Vogel Wakefield blog

Vogel Wakefield blog

July
05
2012

Dysfunctional banking cultures: what they need is servant leadership

How do you set right a corporate culture beset with “systematic dishonesty” – as Barclays has been described by its former chief executive, Martin Taylor?

The scandal at Barclays over its rigging of financial markets seems to represent a turning point which will require all banks to take a long, deep look at how the ways in which they operate may contradict the public interest. Were we not already in the worst financial crisis in living memory, the computer failure at RBS – which has prevented customers accessing their money and is still ongoing at Ulster Bank – would count as a monumental banking failure in its own right, evidence itself of the incompetence, negligence and greed that over many years has overwhelmed an ethos of stewardship at the major banks. On top of that, came news last week that the big four banks had committed serious failings in their mis-selling of interest rate hedges to small and medium-sized businesses

Small wonder that the Governor of the Bank of England has described the banks as “shoddy” and “deceitful”. Or that the Director-General of the Institute of Directors has said the banks “should feel deep shame for the damage they have done”.

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March
15
2012

A master of the universe resigns

Goldman Tower, Jersey City

Goldman Tower, Jersey City

Greg Smith had been working for Goldman Sachs for twelve years before he published the resignation letter yesterday which has caused a furore.

It presents a devastating portrait of a corporate culture that is entirely self-serving and betraying the interests of its clients:

“I attend derivatives sales meetings where not one single minute is spent asking questions about how we can help clients. It’s purely about how we can make the most possible money off of them. If you were an alien from Mars and sat in on one of these meetings, you would believe that a client’s success or progress was not part of the thought process at all.

“It makes me ill how callously people talk about ripping their clients off. Over the last 12 months I have seen five different managing directors refer to their own clients as “muppets,” sometimes over internal e-mail.”

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November
29
2011

The season of social value

Occupy London protestors at St Paul's Cathedral.

Occupy London protestors at St Paul’s Cathedral.

 

The idea that business should create social value, not just shareholder value, is fast becoming the common sense of our time. One could interpret this as a delayed corrective to the crisis in capitalism brought about by the credit crunch. But there was no inevitability about it. Even at the start of the year, when Michael Porter published his Harvard Business Review article on creating shared value, his argument was greeted with scepticism as much as agreement.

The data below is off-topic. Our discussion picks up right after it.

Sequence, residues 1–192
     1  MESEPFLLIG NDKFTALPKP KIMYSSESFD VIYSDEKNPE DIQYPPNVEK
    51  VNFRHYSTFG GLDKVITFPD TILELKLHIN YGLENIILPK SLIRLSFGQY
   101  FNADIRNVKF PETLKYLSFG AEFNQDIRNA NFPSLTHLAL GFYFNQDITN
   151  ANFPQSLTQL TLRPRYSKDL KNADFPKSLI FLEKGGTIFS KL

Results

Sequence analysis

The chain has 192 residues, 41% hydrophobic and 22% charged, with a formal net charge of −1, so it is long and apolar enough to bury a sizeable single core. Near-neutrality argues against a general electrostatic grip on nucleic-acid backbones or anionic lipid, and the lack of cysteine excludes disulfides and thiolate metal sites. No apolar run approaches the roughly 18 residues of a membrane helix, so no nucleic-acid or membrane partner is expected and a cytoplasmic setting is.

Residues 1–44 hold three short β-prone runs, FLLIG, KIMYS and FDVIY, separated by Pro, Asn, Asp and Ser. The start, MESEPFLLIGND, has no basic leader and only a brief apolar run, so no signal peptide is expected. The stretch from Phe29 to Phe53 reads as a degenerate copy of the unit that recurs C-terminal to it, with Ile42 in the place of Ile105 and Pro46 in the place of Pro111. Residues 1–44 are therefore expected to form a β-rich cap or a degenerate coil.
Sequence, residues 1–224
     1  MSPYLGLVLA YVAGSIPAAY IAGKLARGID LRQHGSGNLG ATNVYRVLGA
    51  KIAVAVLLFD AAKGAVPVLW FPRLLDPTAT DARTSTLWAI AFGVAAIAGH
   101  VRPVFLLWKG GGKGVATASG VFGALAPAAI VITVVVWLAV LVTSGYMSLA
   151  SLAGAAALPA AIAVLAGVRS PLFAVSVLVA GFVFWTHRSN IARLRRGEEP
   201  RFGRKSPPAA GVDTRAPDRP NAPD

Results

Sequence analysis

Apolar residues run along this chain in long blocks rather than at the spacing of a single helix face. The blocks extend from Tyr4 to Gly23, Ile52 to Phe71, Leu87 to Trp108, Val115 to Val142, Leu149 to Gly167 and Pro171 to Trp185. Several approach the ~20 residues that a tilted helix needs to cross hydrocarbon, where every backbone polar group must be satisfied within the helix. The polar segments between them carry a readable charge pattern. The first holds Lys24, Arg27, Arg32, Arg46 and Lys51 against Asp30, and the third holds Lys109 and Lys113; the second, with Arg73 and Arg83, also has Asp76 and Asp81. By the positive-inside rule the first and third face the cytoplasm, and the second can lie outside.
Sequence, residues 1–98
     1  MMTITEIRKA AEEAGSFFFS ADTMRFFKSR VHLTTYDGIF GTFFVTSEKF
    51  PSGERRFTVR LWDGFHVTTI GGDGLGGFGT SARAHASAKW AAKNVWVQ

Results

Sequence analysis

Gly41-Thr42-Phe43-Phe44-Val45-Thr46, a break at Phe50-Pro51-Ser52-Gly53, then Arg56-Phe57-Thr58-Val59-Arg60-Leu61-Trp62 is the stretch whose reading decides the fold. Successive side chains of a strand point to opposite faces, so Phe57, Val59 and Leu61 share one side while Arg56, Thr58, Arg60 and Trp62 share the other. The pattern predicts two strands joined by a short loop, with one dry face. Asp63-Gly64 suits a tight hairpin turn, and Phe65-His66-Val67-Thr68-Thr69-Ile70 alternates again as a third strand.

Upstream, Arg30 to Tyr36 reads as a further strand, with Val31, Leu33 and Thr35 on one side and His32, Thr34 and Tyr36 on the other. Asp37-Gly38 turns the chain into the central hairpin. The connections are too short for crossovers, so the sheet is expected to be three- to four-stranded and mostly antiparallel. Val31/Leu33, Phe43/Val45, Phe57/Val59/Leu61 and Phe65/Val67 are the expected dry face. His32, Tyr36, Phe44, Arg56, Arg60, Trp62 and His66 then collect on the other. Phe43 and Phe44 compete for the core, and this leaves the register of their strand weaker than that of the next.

Since then, we’ve had the Arab Spring, public disgust with the press brought about by the phone hacking scandal and now the Leveson hearings, riots in England over the summer, the Occupy protests, and the looming threat of financial and social collapse in the euro zone. These events have given voice to public unease with corporate elites who seem out of control and political elites who have no answers to our current predicament.

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October
01
2008

Thoughts on getting through turbulent times

Lehman Brothers staff, London, 16 September 2008

 

When I talk to people in the financial sector, I understand the meaning of the current turmoil being a crisis unprecedented in our lifetimes.  The experience of redundancy is  unlike that any of us are likely to have come across before.  With banking institutions disappearing at a rate of knots, others laying off staff in their thousands and many of the remainder uninterested in hiring, the impression of alternative options rapidly closing down throughout the world can only compound the sense of shock for those who have suddenly lost their jobs.

I’ve seen plenty of advice to bankers along the lines of: polish up your CV and interviewing skills, tap into your network and be prepared to move.  There may be a place for these tried and tested career tactics.  But I wonder whether it is adequate to the moment to rely wholly on this approach.  When people suffer a shocking loss, they typically go through experiences such as denial, anger and depression before they feel able to accept the situation and engage with it constructively.  The slightly frenetic character of well-intentioned advice on job search skills seems to me to risk encouraging people into activities which – for some of them, at least – may be counter-productive.

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